And yet…if God can somehow use our helpless and tired efforts to bring encouragement to someone else or to shine a ray of light into a dark world…praise the Lord. Truly, what wondrous things He accomplishes through human weakness.

What a blessing!


Although I do not find myself particularly inclined to do so, it sometimes can be tempting for those in full-time ministry to look down upon those who engage in “secular” work (you may even hear that terminology from time to time).

Over the last few years, as we have been on the receiving end of such amazing care from so many therapists (basically our favorite people ever), nurses, doctors, teachers, aides, etc., it has deeply reinforced in my own mind how sacred it is to use your vocation as a means of blessing others. God’s work is done in all sorts of places, and I am deeply grateful for those who have so clearly shown me that as we have traveled this journey.

What a blessing!


Throughout this process, there are times when I feel that I am at my wit’s end. Completely overwhelmed. Barely able to keep my head above water. Emotionally stressed. Spiritually fatigued. Physically exhausted.

Increasingly, I have come to suspect that we are sustained by prayer. Certainly our own prayers, but, in light of the spiritual fatigue I mentioned above, my prayers are not exactly great right now—they consist of a lot of sighs and pleadings and persistence and “groanings too deep for words”.

No, I believe that we are especially sustained by the prayers of others. From the beginning, it has been overwhelming to me the way that others have responded to our situation. It is beyond humbling to know that people from all over the world, including many we don’t even personally know, are praying for us. More than that, more people than I can count have told me that they pray for Kinsley and our family every day. How can I even respond to that? What a gift that is!

I am so deeply, deeply grateful. And beyond the prayers—every single kindness means so much: the kind words and messages we receive, the concerned questions people ask, the social media well-wishings, the silent hugs, the money for travel expenses slipped into a handshake—all of it. People extend us so much love so frequently, that it is all I can do to refrain from constantly bursting into tears (because that would be awkward, right?).

But those are healing tears—tears belonging to a Kingdom that seeks to restore the goodness of a broken world.

What a blessing!

Sacred Moments, Holy Ground

In Exodus 3 we encounter the famous story of God appearing to Moses for the purpose of recruiting him to liberate the people of Israel from slavery in Egypt. One of the most interesting aspects of the story is the way that God appears to Moses: in the form of a fiery bush that is not consumed by the flames that engulf it. As Moses draws near, God tells him to remove his sandals, because he is standing on holy ground. What made the ground holy? It was not that there was something inherently special about the bush. As a shepherd, Moses spent a lot of time leading his flock in the wilderness, and I think it’s possible that he had been by this same spot before, and had maybe even seen the same bush.

There was nothing particularly holy about it at those other times, but it was different now: it was a sacred moment…it was holy ground.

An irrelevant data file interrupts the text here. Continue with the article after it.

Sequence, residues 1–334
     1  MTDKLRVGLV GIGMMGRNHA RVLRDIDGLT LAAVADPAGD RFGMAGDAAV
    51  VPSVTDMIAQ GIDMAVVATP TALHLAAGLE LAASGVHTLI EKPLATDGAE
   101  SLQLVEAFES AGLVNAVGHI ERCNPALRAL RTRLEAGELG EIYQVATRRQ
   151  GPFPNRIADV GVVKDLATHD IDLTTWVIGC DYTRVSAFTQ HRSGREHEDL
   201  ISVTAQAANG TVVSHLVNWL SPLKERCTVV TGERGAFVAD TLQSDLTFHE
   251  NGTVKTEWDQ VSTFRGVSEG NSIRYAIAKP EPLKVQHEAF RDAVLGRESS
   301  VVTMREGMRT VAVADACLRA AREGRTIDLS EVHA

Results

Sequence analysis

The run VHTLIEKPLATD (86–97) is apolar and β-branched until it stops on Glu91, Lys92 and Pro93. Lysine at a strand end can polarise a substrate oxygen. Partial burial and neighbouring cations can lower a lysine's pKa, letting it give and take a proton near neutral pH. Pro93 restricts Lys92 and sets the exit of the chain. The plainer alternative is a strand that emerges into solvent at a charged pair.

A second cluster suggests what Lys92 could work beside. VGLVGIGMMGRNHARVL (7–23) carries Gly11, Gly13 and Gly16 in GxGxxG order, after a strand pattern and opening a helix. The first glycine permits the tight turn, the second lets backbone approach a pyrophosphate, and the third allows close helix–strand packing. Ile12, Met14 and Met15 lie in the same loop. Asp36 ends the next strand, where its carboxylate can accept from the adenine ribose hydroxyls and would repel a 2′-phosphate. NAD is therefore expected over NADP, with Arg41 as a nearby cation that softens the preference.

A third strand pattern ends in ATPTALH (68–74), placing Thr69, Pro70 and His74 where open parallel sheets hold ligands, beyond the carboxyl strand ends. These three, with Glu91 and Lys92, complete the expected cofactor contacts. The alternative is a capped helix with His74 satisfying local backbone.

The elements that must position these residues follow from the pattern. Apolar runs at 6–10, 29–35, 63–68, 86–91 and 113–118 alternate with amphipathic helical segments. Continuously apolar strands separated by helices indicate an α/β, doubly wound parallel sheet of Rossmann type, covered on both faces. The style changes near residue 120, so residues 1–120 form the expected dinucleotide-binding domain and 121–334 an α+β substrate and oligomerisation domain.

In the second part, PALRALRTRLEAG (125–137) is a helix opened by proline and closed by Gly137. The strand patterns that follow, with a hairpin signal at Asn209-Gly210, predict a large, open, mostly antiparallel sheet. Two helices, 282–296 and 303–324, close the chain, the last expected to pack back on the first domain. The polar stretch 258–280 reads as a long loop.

God’s presence made it that way.

We have had a rough time at our house for the last several weeks. Over the last several months, Kinsley’s seizures have gotten more difficult to control, which has led us to trying additional seizure medications and a special diet (you can read more about Kinsley’s story here and here). These efforts have not led to long-term improvement, and at the same time, Kinsley has been more withdrawn: she is often lethargic, sleeps a lot, and plays and interacts with us less. It is difficult to discern if this is caused by the many medications she is on, her seizures, some other factor, or some combination of all of the above.

Even more recently, Kinsley, who has always been a champ at taking her medicine, has become very stubborn about doing so: she will hold it in her mouth for a long time, sometimes eventually swallowing it, and at other times spitting it out. Obviously, she does not get any benefit from seizure medicine that she refuses to take, so this aggravates the problem.

Last night as I was getting her ready for bed, I broke down. Kinsley again spat out one of her doses and I got incredibly frustrated and spoke to her in an exasperated tone. She just looked at me, with her beautiful, innocent, loving eyes. Immediately, my emotions changed, and I told her how truly and deeply sorry I was that she has to deal with all of the stuff and difficulties that she does, more than any little girl should ever have to.

And my nonverbal little princess, who has hardly communicated at all over the last several days, looked at me, put her hand on my chest, laid her head against me to snuggle, and reached out and held onto my arm.

What a powerful message she communicated! Even now, I can hardly write about it without becoming overwhelmed by emotion.

There we were, sitting on the floor by her bed, a place I have been countless times. But it was different now: it was a sacred moment…it was holy ground.

God’s presence made it that way: in His grace, God reached out to me and used my infirmed daughter as an instrument of healing.

P.S. We are going to Arkansas Children’s Hospital in Little Rock tomorrow to consult with a neurosurgeon about a procedure that could potentially help with Kinsley’s seizures. We would greatly appreciate your prayers as we continue to look for ways to help our little girl.

Moral Evil and Natural Evil

In this series, I am attempting to approach the topic of suffering from a variety of different angles. As I mentioned in the first post, I am using the term “suffering” to sum up the famous Problem of Evil. I talk about the Problem of Evil at length in this post on Alexander Campbell, but perhaps it would be beneficial to state the problem outright, the original statement of which is generally credited to Epicurus: